Daniella Silva is a reporter for NBC News, focusing on education and how laws, policies and practices affect students and teachers. She also writes about immigration.
A large section of a causeway connecting an island in southwestern Florida to the mainland collapsed into the Gulf of Mexico, leaving anyone who did not evacuate stranded, as Hurricane Ian left a path of devastation through the state Wednesday.
Approximately 50 to 65 feet of the Sanibel Causeway collapsed as Hurricane Ian roared through southwest Florida on Wednesday, NBC affiliate WBBH reported Thursday morning, as the destruction left behind by Ian comes into focus.
The splitting of the bridge cuts off access to the island of roughly 6,700 people and where it remains unclear how many people did not evacuate ahead of the storm.
Sanibel Mayor Holly Smith evacuated from her island community Tuesday night, knowing it could be hit by a storm surge.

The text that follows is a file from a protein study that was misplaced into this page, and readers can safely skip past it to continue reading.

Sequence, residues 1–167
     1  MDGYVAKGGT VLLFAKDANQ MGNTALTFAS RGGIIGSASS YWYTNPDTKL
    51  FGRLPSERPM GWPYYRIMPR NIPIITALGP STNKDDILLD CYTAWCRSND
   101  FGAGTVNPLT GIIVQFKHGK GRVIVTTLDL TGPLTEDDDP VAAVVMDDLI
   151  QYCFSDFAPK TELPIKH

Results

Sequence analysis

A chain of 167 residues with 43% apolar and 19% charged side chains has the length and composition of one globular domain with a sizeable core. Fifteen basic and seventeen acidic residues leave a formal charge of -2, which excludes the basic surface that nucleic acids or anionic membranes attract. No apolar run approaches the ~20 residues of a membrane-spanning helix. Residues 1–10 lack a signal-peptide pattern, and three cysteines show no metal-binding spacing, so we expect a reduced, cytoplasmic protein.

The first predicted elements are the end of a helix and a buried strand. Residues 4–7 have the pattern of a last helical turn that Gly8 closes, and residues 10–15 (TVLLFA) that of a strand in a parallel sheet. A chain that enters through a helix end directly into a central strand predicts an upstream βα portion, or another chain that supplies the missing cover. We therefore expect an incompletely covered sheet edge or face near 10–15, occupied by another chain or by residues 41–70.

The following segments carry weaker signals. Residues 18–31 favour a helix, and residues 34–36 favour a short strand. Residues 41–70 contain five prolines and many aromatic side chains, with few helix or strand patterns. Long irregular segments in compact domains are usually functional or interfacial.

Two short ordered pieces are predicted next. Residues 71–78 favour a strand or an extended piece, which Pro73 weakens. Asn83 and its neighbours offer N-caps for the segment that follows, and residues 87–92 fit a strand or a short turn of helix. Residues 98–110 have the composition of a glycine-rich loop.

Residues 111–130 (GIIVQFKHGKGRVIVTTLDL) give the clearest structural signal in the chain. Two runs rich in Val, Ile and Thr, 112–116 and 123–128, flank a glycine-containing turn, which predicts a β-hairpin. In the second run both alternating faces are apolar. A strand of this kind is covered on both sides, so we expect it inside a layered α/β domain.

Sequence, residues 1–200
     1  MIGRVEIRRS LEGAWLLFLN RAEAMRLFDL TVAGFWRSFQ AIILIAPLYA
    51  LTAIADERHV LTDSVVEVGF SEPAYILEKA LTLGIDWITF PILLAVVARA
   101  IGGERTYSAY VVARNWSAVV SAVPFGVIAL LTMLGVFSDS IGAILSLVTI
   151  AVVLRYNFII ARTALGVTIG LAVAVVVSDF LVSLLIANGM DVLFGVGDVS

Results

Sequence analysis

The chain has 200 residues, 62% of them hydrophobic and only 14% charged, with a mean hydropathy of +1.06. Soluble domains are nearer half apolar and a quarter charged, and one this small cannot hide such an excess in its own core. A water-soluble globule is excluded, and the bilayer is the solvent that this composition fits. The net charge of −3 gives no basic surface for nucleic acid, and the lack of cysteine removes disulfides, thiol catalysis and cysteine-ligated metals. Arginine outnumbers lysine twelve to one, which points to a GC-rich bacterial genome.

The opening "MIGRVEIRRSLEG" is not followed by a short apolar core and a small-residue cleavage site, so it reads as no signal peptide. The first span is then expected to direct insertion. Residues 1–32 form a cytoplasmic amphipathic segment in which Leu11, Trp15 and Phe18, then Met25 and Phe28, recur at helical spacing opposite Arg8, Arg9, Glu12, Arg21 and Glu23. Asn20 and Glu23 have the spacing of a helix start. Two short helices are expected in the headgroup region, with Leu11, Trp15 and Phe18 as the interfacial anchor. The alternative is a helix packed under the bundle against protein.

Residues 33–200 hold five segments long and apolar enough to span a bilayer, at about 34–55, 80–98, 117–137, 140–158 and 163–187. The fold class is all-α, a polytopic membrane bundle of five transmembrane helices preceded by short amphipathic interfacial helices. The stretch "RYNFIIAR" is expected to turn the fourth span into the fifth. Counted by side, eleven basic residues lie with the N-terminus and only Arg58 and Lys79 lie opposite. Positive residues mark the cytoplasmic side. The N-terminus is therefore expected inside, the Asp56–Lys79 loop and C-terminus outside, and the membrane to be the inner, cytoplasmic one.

Smith said midday Wednesday that she was hoping that the Sanibel Causeway, the only path to and from her island, would survive Ian’s destruction.
But not all of Sanibel’s residents evacuated, the mayor said.
"I wish it was [fully evacuated]. No, it is not," Smith said. "I am aware of numerous individuals that decided to stay on the island."
"That’s my main concern right now is their safety," she added. "I’ve been in touch with as many of them as I can be, and that’s a very difficult position to be in when I am sitting 15 miles away and knowing that a number of my citizenry might be in harm’s way."